EDMONTON--A first-year University of Alberta student was beaten and then stabbed repeatedly while he studied in the crowded Cameron Library, a popular study area at the U of A.
The 18-year-old student was attacked by three people the afternoon of Tue., Mar. 9 on the second floor of the library. The attack left him bleeding from numerous serious puncture wounds, including deep cuts to his throat and torso.
Witnesses reported seeing three men on the second floor of the library, going from cubicle to cubicle apparently looking for somebody. When they discovered the victim in a study carrel they attacked him, first beating him with small clubs before one suspect stabbed him with what was described as a long knife.
Edmonton Police Service Public Information Officer Wes Bellmore confirmed the assault, but wanted to clarify there is little need for panic.
"The way the attack was described to us strongly suggests that this was a targeted attack specific to this person," said Bellmore. "Students going about their daily routines likely don't need to be alarmed by this."
Remarkably, the victim was able to make his way to Health Services in the Students' Union Building, where he was treated and subsequently transported to hospital by EMS in critical condition.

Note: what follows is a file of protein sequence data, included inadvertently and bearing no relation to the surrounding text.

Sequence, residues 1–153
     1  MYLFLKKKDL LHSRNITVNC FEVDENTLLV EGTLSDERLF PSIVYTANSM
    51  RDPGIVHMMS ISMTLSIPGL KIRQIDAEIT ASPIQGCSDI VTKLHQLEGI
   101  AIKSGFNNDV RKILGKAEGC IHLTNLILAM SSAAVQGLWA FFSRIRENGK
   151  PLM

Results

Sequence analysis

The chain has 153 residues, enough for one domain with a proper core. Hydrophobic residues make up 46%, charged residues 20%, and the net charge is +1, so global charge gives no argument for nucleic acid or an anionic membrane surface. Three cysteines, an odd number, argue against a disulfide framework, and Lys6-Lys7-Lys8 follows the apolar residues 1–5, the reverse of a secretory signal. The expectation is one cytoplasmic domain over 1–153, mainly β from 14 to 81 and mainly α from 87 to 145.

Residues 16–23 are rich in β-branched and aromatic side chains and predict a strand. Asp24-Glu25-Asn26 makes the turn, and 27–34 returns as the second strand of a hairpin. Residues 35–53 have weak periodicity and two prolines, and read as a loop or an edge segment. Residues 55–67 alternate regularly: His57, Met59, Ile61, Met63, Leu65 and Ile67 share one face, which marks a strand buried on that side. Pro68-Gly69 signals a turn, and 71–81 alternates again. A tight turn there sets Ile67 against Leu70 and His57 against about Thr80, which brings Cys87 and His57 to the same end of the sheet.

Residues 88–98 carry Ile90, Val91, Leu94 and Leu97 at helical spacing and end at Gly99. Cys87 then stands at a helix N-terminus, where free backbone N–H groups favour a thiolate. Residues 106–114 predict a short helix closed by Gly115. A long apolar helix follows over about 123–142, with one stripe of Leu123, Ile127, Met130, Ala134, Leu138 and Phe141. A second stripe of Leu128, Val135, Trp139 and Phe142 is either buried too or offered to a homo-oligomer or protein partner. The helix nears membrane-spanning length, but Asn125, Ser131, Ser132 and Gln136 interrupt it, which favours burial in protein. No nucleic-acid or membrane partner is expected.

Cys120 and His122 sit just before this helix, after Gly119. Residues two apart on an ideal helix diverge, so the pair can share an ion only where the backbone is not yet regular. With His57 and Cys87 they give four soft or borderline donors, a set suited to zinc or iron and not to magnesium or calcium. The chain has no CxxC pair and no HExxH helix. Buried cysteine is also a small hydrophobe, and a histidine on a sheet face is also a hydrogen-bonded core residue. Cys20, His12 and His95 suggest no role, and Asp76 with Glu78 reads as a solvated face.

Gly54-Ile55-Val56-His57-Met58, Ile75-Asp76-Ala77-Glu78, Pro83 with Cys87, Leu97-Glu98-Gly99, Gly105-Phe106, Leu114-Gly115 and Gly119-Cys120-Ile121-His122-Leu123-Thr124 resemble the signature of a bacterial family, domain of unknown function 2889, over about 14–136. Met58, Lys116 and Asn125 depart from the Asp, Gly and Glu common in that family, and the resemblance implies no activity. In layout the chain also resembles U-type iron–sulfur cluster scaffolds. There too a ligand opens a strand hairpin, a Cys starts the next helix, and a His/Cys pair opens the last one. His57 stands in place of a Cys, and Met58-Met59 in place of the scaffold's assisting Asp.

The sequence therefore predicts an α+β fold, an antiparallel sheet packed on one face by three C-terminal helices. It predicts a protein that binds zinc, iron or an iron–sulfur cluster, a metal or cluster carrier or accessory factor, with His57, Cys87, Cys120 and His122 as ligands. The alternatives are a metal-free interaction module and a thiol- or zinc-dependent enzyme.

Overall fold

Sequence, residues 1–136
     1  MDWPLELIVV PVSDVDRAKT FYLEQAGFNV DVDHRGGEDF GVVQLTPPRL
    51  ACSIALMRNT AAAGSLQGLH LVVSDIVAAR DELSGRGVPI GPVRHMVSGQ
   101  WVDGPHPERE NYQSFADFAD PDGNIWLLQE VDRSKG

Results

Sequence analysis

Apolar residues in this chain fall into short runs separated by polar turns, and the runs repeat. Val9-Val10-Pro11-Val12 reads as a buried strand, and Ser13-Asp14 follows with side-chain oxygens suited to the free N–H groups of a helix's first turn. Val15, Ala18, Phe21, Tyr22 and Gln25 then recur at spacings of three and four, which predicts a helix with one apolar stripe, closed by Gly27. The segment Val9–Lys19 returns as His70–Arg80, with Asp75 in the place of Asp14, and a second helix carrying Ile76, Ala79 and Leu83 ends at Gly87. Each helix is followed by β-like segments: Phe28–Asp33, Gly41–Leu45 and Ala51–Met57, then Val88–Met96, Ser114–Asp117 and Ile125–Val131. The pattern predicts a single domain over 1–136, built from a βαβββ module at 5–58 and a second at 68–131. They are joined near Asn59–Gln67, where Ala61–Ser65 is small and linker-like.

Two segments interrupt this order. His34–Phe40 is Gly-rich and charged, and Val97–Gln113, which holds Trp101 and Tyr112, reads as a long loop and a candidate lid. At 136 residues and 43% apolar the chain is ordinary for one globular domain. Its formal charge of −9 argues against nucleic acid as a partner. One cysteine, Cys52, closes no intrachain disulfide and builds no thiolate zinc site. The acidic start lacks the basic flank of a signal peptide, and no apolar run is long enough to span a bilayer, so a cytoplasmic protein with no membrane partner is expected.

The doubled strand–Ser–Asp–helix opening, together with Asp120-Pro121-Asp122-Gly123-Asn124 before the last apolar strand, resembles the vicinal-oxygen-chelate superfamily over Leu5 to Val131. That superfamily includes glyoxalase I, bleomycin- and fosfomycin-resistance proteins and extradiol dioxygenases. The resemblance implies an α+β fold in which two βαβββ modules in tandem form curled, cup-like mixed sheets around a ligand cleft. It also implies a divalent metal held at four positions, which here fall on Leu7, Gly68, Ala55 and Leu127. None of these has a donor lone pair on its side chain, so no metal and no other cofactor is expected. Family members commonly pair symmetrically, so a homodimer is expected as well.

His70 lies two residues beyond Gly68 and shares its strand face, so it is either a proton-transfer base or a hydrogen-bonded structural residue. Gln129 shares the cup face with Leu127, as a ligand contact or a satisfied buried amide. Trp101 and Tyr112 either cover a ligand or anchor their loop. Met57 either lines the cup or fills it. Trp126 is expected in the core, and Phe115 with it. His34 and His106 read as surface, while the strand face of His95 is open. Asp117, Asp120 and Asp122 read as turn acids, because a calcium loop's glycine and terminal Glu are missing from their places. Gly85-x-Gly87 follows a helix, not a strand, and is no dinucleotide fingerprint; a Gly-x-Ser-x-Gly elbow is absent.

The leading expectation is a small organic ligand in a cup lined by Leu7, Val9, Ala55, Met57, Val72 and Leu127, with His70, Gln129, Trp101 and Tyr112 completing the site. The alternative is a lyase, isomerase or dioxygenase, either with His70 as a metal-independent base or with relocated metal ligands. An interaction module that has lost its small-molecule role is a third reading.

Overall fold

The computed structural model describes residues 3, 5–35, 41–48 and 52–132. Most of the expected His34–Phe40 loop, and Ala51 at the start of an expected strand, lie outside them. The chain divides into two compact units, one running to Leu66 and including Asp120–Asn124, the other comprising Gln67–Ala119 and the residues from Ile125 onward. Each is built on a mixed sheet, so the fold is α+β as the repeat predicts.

Tyler Daignault, a psychology student, encountered the victim as he was entering SUB, quickly determined the urgency of the situation and asked if he was okay.
"The amount of blood on him was immense," said Daignault, who later described the victim as being blood-soaked. "I was shocked someone who was so injured was able to get himself where he needed to go. Judging from his wounds he knew he wasn't going to make it to the hospital. Time was not on his side. "
Arts student Natalie Hanninen was pretty surprised to learn of the attack but she still thinks campus is safe.
However, not all students felt the same way yesterday.
"It personally freaks me out," said forestry student Kendra Onusko. "I find it very disturbing that this would happen in what you would expect to be a peaceful and secure area.
"I'm not feeling safe right now."
U of A Vice-Provost Gretchen Hess appealed to the university community to stay calm, stressing that this incident "was a very rare an unfortunate occurrence, an isolated incident."
Director of Campus Security Bill Mowbray agreed.
"This was not a random attack and as such does not indicate a change in the level of safety on campus," Mowbray said, adding there appeared to be a connection bet- ween all of the individuals involved. "This violence is not university related and deals with activities outside the university community that are largely beyond our control."
The victim remains in hospital with serious injuries but is expected to recover. The three suspects are still at large and police have not yet released any descriptions.